Another week upon us as we trundle into the summer, and there are quite few shows ahead that surely would go to waste without your ears and attendance.

For some dark and brooding Joy Division-esque drone-rock head up to Kimo's on Wednesday the 16th where The Sharing Type, newcomers to the San Francisco music scene, will be playing their first show with Portland's brilliantly colored Pink Noise and Spiro Agnew, 9pm.

Thursday at the Rickshaw, get your best nerd-rock on with the forever bubbly My First Earthquake, who will be celebrating the release of their latest EP, with The Downer Party, and The Attachments, 8pm.  Should you desire, acquire yourself a FREE copy of My First Earthquake's EP Crush here.

Close out your working week by loosing yourself Friday night in the swirling psyche sounds of the remarkably named LSD and The Search for God at the Hemlock.  They will be playing with The Meek and Fuxa, 9pm.

Lastly on Sunday, head back over to the Rickshaw to have your noise centers stimulated by Weekend who will be sharing the stage with New York's thunderously loud A Place to Bury Strangers and Light Pollution, 7:30pm.

That about covers it for this week.  Enjoy your weekend, and if you still have some energy on Monday, Brian Jonestown Massacre will be playing at The Filmore.

-Ada Lann


TONIGHT: The Deli SF presents The Dashing Suns, Tokyo Raid and Meta at the Hemlock!

It's Wednesday and work blows.  What better way to stick it to the "man" (...man) then to go see some of that rocking and rolling music?  Well just for you, and the mid-week blues, the Deli SF has put together a wonderful show tonight, 9pm, at the Hemlock.  Come join us for the awesome sounds of The Dashing Suns, Tokyo Raid, and Meta.  You have no excuse!


-Ada Lann


Grand Lake, Casper and the Cookies, Aquaserge @ The Rickshaw 4/29/10

Who still wants to write about a show that happened a month ago? This guy.

I'd heard locals Grand Lake were popular around these parts, and so I was surprised when there wasn't more than 15 people at the Rickshaw Stop on that distant memory of a Thursday evening. It was a real shame, because they put on an amazing show opening for Casper and the Cookies and Aquasurge. Grand Lake's performance was a crazy trip through an array of emotions, twirling the small audience from happy up-beat rock to anxious, swelling spaces of lyrical honesty.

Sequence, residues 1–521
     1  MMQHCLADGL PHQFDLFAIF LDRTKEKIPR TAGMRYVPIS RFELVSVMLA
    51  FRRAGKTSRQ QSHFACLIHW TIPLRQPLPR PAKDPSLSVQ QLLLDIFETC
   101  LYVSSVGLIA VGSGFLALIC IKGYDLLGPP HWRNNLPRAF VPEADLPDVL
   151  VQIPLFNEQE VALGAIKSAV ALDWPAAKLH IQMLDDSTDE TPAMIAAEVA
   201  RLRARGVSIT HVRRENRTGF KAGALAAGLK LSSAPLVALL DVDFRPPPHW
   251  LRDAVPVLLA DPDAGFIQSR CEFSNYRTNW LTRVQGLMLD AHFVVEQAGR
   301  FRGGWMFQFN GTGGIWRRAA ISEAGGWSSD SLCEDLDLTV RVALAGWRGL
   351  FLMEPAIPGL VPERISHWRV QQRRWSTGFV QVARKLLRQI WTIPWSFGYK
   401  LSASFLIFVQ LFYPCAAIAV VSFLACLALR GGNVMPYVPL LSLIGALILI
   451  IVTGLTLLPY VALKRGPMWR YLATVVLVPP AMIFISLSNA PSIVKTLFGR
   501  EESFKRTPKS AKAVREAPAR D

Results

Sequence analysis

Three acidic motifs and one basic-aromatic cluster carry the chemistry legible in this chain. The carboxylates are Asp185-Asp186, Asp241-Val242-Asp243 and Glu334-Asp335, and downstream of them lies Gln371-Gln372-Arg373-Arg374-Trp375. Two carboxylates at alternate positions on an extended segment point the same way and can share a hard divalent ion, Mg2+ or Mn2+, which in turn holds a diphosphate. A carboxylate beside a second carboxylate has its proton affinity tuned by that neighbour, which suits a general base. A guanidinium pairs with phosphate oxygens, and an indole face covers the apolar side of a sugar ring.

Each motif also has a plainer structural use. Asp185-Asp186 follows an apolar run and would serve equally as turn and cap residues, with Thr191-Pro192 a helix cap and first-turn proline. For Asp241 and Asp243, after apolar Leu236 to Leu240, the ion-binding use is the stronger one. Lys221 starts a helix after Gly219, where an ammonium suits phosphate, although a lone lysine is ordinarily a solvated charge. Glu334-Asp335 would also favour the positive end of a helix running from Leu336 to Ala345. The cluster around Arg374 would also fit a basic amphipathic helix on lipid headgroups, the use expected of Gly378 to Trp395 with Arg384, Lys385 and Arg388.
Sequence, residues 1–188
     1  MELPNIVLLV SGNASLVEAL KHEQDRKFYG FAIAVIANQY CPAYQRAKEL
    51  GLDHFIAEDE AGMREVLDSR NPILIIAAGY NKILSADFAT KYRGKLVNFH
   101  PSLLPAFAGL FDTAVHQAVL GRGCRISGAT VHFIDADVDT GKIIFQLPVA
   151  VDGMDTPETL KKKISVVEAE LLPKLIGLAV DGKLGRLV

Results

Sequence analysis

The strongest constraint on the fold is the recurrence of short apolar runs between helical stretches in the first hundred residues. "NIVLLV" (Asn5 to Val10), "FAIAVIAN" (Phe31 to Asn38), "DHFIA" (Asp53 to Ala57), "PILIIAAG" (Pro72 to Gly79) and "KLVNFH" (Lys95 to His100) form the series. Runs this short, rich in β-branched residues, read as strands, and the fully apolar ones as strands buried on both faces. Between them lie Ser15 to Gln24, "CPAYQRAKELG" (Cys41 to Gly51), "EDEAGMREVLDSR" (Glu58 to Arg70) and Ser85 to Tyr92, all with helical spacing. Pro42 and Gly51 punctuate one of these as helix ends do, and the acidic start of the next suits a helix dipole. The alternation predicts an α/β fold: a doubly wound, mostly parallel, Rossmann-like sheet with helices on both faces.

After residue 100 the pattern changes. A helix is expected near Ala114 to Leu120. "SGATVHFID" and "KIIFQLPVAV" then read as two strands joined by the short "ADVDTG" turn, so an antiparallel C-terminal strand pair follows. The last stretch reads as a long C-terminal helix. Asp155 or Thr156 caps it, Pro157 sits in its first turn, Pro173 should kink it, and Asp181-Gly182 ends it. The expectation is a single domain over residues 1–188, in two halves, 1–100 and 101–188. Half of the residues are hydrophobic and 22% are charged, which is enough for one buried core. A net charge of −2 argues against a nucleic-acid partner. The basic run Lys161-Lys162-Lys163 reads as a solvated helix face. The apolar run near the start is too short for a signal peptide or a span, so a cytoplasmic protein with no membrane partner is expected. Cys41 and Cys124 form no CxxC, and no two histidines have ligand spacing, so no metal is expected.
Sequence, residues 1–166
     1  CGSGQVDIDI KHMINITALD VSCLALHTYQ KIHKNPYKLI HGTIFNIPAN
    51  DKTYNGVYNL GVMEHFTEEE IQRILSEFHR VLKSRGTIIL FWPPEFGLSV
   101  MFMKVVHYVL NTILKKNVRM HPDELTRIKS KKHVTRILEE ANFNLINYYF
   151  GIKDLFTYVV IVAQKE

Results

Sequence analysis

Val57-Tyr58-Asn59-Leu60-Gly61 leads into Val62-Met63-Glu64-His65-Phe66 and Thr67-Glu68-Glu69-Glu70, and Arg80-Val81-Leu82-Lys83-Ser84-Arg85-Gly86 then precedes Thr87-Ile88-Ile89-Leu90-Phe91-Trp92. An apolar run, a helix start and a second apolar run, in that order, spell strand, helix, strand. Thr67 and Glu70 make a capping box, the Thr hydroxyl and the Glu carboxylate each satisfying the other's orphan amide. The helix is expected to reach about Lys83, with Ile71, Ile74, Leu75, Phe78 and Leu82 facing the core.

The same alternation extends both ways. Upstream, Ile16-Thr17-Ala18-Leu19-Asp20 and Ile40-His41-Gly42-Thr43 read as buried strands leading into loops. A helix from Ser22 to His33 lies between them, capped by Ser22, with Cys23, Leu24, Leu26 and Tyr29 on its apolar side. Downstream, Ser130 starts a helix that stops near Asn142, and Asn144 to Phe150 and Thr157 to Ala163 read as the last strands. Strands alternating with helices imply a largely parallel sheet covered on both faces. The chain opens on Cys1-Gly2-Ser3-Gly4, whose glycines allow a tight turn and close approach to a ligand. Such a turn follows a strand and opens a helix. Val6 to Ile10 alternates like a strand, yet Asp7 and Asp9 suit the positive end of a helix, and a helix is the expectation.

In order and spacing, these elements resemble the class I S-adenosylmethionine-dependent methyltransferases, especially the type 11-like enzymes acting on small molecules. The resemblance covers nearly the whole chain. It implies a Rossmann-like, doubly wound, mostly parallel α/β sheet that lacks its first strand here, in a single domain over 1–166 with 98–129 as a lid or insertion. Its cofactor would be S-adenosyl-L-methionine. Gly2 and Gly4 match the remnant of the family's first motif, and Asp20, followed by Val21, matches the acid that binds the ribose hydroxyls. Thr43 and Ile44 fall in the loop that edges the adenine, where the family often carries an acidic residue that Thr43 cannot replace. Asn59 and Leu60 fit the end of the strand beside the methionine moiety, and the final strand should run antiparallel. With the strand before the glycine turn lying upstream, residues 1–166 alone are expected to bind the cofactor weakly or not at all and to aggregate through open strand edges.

Equally comfortable doling out dark, pulsing beats and minimalist bass lines (with long stretches of anticipation between excellent vocals) or exploding with sweet, hopeful alt-rock, Grand Lake is a wild ride. The entire act was very well put together; energetic throughout, with an ultimately optimistic vibe and enthusiastic drumming that would have excited a larger audience into bouncy dancing. Grand Lake really stole the show for me, and I wholeheartedly recommend them.

Casper and the Cookies came up next featuring Jason NeSmith (formerly of Of Montreal) sporting a mustard yellow jacket that matched the mustard yellow bass guitar that kept switching hands. Casper's talented 3-singer harmonies and relentless pop-rock dance-beat drumming actually did get some people moving by the very end of their set, a testament to the hyperactive fun pouring from their stage. Continuing the high-energy trend set by Grand Lake, Casper and the Cookies were impressive and downright jolly.

Last we had Aquaserge, who were interesting but a little bland. They were trying pretty hard to trip the audience out, with five yelping vocalists, sharp, dissonant keys, and driving drums under inflating guitar narratives. Their music was trying to put me ill-at-ease, with occasionally flat singing and repetitive, swelling noise, coming at any given time from the bassist, the drummer, or the keyboards. They succeeded in creating an interesting sound-scape, but failed at being particularly compelling for me. When I'm given an ocean of sound, I tend to fall asleep on my inner-tube, no matter how deep and mysterious the water is.

Here's to a more regular schedule -- I'm almost positive I have three and a half readers, and I'm sure they were worried about me. I'm touched, honestly.


-Kyle Wheat